Ireland at the ESF

The issue of Ireland played a prominent role at the recent European Social Forum. The focus on Ireland proved apt given that so much of what has gone on there provides lessons for elsewhere.

Colonialist themes

Sinn Fein President Gerry Adams really hit the right note when he pointed out how the struggle of one group of people for liberation can never be seen in isolation. As such, he questioned why if people in Britain do not trust the government over Iraq do they continue to trust them on Ireland.

He recalled how the various abuses now being revealed in Iraq such as the beating of prisoners and dirty tricks had all been used by the British army in Ireland.

"It is important for people who live here in Britain to grasp the necessity to campaign for Irish independence. If you don’t trust this government on Iraq then why do you trust them on Ireland? Remember if you come from Britain it  is being done in your name," warned Adams.

The Sinn Fein president placed the struggle of nationalists in Ireland in terms of colonial power. The tactics of creating plantations, divide and rule and the dehumanisation of the opposition have all been used in Ireland and then in other colonies.

Just as such tactics have been tried in Ireland and exported elsewhere so many of the practices are now coming home to Britain. It has been seen in the area of legislation with anti-terror laws brought in initially in the Irish context only to later be extended to the whole of the UK. Policing methods have also been imported. So  weaponery like rubber and plastic bullets, which began in Northern Ireland, can now be deployed in any British town.

Recently, there has been the coming home of internment from Ireland. The Irish have been replaced by the Muslims as the internees. The Sinn Fein leader, who experienced internment himself back in the 1970s, drew a vivid picture of what it is like to be confined in a small space day after day, month after month and year after year. He drew a comparison with being held indefinitely in an area the size of a bathroom, having to ask when you want to go to the toilet, having no TV, no radio and no link with the outside world. He emphasised the need to support the families of the men interned and campaign against the policy.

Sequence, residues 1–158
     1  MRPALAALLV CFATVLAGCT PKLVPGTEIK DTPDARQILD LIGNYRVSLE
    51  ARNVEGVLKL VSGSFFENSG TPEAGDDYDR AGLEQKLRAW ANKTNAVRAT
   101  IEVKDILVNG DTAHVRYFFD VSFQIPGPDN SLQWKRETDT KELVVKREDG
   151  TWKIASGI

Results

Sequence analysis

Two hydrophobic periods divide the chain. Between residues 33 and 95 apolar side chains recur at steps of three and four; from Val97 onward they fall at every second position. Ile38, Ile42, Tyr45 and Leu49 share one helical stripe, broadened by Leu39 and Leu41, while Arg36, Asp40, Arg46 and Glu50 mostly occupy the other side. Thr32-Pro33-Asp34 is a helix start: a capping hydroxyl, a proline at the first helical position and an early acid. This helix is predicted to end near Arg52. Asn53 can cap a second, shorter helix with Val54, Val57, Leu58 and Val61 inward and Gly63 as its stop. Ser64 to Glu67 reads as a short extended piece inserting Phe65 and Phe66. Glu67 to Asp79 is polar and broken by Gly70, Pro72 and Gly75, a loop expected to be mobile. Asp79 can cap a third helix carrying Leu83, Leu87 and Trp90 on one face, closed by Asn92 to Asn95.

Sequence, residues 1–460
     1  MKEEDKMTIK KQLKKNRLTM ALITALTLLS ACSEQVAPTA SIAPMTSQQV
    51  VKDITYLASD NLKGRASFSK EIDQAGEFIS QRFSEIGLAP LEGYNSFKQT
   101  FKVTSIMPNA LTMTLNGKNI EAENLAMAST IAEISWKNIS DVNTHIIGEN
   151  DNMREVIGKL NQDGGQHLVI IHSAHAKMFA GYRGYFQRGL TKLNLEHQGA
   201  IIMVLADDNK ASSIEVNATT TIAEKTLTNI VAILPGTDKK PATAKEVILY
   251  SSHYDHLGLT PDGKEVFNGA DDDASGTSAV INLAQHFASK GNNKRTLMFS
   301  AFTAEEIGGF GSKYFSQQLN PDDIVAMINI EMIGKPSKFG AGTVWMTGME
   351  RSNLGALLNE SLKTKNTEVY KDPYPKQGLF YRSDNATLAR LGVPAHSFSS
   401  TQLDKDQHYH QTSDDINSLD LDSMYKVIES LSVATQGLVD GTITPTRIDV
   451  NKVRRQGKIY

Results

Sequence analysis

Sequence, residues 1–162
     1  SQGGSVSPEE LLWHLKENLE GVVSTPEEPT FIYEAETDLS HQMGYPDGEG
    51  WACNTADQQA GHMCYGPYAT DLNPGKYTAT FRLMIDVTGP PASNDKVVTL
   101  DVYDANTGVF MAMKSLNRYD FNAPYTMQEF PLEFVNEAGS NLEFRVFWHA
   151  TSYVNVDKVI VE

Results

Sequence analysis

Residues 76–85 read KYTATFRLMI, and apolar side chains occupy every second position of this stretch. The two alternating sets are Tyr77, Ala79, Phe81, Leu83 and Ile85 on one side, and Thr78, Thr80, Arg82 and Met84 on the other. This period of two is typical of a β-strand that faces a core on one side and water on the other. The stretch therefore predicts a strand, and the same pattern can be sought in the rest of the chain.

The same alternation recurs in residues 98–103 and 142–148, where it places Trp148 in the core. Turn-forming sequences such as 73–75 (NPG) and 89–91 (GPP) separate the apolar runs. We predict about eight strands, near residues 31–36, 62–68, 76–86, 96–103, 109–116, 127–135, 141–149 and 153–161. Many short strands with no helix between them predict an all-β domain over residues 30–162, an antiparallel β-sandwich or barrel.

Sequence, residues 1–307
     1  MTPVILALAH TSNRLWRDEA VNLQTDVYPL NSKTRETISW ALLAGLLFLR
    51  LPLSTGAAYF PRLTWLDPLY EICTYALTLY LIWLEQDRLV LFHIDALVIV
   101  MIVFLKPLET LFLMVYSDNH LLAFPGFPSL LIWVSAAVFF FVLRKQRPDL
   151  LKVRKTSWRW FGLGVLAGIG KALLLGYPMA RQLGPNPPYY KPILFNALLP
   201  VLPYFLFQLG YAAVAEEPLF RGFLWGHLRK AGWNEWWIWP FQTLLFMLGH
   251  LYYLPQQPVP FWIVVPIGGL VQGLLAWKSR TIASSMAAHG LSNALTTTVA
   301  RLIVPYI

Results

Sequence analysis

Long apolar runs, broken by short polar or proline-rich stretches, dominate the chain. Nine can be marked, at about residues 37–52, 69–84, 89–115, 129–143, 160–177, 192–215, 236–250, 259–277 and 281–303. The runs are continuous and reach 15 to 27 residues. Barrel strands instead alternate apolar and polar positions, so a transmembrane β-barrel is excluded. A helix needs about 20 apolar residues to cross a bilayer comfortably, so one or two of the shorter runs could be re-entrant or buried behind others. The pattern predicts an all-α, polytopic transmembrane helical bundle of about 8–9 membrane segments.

Another issue that regularly came up was the role of the media in distorting the picture. The two tribes model of Protestant against Catholic with the security forces allegedly keeping the peace inbetween has been followed by the British media for the best part of 35 years.

Gerry Adams condemned as “disgraceful” the role of the mass media over the years in reporting Northern Ireland in such a way. He recalled that even now the media are not reporting bombing and shootings against people in the nationalist community.

Belfast deputy mayor Joe O'Donnell provided an example of such journalism in the failure to report the abuse of nationalists in the Short Strand area of east Belfast.

The area is an enclave of 3,500 Catholics set amongst 90,000 Protestants. In one recent period, the Short Strand was under virtually perpetual attack. "Over that period there was no access to doctors, the baby clinic, the post office and the DHSS head office. Prescriptions were being made out in my community office and people were getting buses across Belfast to get shopping and benefits," recalled O’Donnell.

The media approach though was to report the violence within the model of tit for tat attacks.